Culture Minister Choe Kwang-shik, right, and Amb. to Hungary Nam Gwan-pyo, second from right, mix “bibimbap” or mixed rice with vegetables at the opening of Korea Cultural Center in Budapest, Hungary, Saturday.
/ Courtesy of David Teszar
By David Teszar
The government has opened a Korean Cultural Center in Budapest, Hungary, the 22nd of its kind worldwide.
The opening ceremony Saturday was attended by more than 200 people, including Korean Minister of Culture, Sports and Tourism Choe Kwang-shik, Hungarian Minister of National Resources Miklos Rethelyi, Ambassador Nam Gwan-pyo of Korea to Hungray, Director Seo Kang-soo of the Korean Culture and Information Service (KOCIS) and other prominent figures from the government, culture and art sectors of both countries.
The opening ceremony featured a wide array of celebratory performances ranging from Korean traditional music and dance by the National Gugak Center to a quintet concert by Korean and Hungarian students from the Liszt Academy of Music, followed by a dynamic K-pop cover dance by an aspiring Hungarian hip-hop dance group BeatLovers.
After the show a “bibimbap” performance took place in the hall, where Jeonju-born master chef Kim Nyeon-im prepared a huge bowl of bibimbap and the guests had the opportunity to stir it using big wooden spoons. The gastronomic delights were boosted by a reception simultaneously held in another room serving authentic Korean food.
The new institution in Hungary is the 22nd Korean Cultural Center worldwide and the eighth in Europe, joining centers in France, Great Britain, Germany, Russia, Poland, Spain and Turkey. The net space of the Hungarian center is more than 1000 square meters which ranks it the biggest of its kind in East-Central Europe. It is equipped with 13 different rooms to learn about Korean culture, providing diverse facilities such as a multi-purpose art hall, a cultural workshop, a library of 3,000 volumes, a training room for taekwondo, a PC room, a cutting-edge multimedia lounge and three classrooms.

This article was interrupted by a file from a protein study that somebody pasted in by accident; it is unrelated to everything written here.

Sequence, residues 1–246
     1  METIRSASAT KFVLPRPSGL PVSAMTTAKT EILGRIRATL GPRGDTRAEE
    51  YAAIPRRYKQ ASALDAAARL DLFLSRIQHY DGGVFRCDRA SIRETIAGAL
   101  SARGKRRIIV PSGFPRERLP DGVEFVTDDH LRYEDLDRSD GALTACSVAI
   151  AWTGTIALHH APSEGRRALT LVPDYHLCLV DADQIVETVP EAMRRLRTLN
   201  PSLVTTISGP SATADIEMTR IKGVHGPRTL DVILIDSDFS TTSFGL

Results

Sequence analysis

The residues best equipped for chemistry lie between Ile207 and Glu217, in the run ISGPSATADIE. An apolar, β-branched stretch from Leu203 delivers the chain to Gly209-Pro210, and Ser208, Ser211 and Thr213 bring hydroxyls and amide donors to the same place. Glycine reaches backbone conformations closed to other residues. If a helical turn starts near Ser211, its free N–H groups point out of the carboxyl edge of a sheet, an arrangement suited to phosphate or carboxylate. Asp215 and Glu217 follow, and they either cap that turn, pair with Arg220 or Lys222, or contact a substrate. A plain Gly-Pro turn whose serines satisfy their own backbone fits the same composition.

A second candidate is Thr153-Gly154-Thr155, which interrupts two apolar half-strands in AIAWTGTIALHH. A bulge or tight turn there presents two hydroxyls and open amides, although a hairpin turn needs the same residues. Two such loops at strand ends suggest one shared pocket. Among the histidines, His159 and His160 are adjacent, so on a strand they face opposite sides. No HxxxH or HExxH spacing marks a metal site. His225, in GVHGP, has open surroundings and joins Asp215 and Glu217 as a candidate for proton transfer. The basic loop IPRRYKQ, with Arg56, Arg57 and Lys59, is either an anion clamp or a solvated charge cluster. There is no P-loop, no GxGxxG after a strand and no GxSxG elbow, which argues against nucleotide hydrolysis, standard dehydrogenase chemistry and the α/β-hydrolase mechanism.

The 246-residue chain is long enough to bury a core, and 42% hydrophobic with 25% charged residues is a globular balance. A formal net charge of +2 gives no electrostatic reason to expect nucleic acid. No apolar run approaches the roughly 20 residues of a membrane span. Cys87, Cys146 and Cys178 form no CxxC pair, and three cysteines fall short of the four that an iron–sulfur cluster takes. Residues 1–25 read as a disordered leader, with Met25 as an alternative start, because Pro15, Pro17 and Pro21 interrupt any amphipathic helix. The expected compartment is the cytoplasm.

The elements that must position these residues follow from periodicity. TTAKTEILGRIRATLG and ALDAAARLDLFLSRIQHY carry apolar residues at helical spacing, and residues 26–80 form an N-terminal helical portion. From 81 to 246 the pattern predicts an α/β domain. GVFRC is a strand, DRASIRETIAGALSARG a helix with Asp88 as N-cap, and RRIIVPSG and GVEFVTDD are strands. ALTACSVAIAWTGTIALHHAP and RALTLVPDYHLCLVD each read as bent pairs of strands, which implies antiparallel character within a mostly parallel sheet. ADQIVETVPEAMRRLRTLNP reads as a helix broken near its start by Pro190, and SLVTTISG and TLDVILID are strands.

Starting from Monday, the new KCC hosts a variety of cultural programs from Korean language and cooking courses to Korean film screenings and Taekwondo training.
For more information, visit the new website (http://www.koreaikultura.hu, in Hungarian) or its official Facebook page (https://www.facebook.com/koreaikultura) that received more than 650 “likes” before the actual opening of the KCC.
David Teszar is a contributing writer for The Korea Times.